The slow but steady pace of “Shtisel”, an Israeli series that first aired on Israeli TV in 2013, is back. This coming 25 March, the show returns to Netflix with season three, so we thought it more than merits some composed analyses if not only given the fallout from the series itself, a family drama about love, loss and the transformation of the lives of a Jewish orthodox family, but also for its surprise success. A mixture of luck, algorithms, and the premiere of the new miniseries, “Unorthodox” in 2020.
To begin at the beginning, “Shtisel” narrates the day-to-day of a Haredi family residing in a strictly orthodox district of Jerusalem. The rigorous standards they live by, regulating everything from, what they can eat, to how it should be prepared, their limited relations, and their absolute religious devotion; as well as the social isolation, reflected in their attire, their lack of cell phones, televisions, or Internet, would be the first thing to catch audiences’ eye. But the more the series advances, this fictional work reveals a costumbrismo drama where these folk, apparently so ‘other world’ for us, are asking the same questions we are.
The unyielding rabbi Shulem (Dov Glickman), family patriarch, strives to overcome the loss of his wife Dvora, who passed away a year ago. The dreamer Akiva (Michael Aloni), the youngest member of the Shtisel family, lives in permanent conflict between reality and his dreams: there isn’t a matchmaker alive who can find him a wife to his liking because secretly, he’s in love with a widow; dreams of becoming an artist, a career much frowned upon within the community, when he should be thinking about starting a family and settling down to a life of devotion as a school teacher in the traditional school, or cheder, his father runs.
The dutiful son Zvi Arie (Sarel Piterman) the eldest boy, and the most devout of all, a man who labors under the load of feeling life owes him his just desserts. The self-sacrificing Giti (Neta Riskin) breaking her back to bring up her five children after husband, Lippe (Zohar Strauss), while in Buenos Aires working as a butcher, abandoned them. Giti struggles along, all the while concealing the truth of what happened from her family to save herself the social stigma and shame, while her eldest daughter Ruchami (Shira Haas), is forced to renege on her adolescence to help her mother out.
The young Ruchami, or more precisely, an excellent performance by Shira Haas is, in a nutshell, the key to the prodigious hit status of “Shtisel”. On 26 March 2020, in full throes of global lockdown to contain the coronavirus pandemic, Netflix premiered miniseries “Unorthodox”. Inspired by the memoirs of writer Deborah Feldman, this drama narrates the tale of a young Jewish orthodox woman who abandons her arranged marriage in New York’s Jewish neighborhood of Williamsburg, fleeing to Berlin, where her mother lives. Haas plays our protagonist, Esty Shapiro, nominated for an Emmy for her role, which also required her to speak Yiddish, a language she had never spoken being a native Hebrew speaker.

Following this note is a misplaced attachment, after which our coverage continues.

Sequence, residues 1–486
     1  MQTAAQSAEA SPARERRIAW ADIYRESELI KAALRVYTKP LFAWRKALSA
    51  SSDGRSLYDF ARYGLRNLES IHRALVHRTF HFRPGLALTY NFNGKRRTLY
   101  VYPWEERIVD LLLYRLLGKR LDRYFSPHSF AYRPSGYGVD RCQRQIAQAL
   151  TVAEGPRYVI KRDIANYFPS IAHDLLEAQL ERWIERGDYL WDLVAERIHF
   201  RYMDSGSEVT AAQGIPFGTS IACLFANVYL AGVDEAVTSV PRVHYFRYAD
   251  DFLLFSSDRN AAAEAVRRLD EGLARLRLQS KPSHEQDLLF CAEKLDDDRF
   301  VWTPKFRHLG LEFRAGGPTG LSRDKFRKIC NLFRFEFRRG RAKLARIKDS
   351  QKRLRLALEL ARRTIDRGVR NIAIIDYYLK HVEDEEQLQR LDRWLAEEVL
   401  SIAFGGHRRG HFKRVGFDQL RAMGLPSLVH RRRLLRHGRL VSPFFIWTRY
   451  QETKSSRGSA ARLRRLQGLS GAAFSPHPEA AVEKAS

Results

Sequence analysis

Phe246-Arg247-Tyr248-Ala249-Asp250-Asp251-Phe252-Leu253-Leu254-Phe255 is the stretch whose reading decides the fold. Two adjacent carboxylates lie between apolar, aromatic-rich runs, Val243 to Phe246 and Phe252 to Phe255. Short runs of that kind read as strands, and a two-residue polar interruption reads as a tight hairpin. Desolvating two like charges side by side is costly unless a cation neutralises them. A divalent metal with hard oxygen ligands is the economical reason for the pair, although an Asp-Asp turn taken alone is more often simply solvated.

“Unorthodox” became an overnight phenomenon on Netflix, in great part due to word of mouth and the pot luck (foresight) on the platform’s part brought audiences, hungry for more orthodox Jewish tales “Shtisel”. The first two seasons, each with 12 episodes, were broadcast in Israel in 2013 and 2015, then Netflix began showing it in 2019. But the impact from “Unorthodox” was such, that only a few weeks after the miniseries went on air, showrunners were already announcing a third season “Shtisel”, which would of course feature none other than Shira Haas, naturally.
Last December, series producers, Israeli channel Yes, started showing the new episodes in Israel, and Netflix follows suit this coming 25 March. “This season was made possible by the love and support we’ve received from fans and audiences worldwide”, admitted series producer Dikla Barkai, not surprising seeing as series creators “Shtisel”, Ori Elon and Yehonatan Indursky, had been trying to continue with the series for years.
The drama reignites life with the Shtisel’s some years later with two new signings: Daniella Kertesz (“World War Z”) and Reef Neeman, best known for her work in another Yes series distributed successfully by Netflix, “Fauda”. As we can see in the trailer, as existential as they may be mundane family goings-on, they’re still the same, delivered with that same particular blend of humor, drama, and constant nods to food. It’s hardly surprising in a society where leisure is unknown, and your entire social life revolves around a dish. But then that’s another story.